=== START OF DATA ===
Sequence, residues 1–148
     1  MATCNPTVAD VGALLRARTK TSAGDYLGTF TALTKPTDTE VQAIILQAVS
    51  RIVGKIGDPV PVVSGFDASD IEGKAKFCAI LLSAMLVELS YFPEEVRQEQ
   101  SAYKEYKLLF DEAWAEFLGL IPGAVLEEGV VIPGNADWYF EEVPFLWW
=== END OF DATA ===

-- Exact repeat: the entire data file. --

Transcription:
Sequence, residues 1–148
     1  MATCNPTVAD VGALLRARTK TSAGDYLGTF TALTKPTDTE VQAIILQAVS
    51  RIVGKIGDPV PVVSGFDASD IEGKAKFCAI LLSAMLVELS YFPEEVRQEQ
   101  SAYKEYKLLF DEAWAEFLGL IPGAVLEEGV VIPGNADWYF EEVPFLWW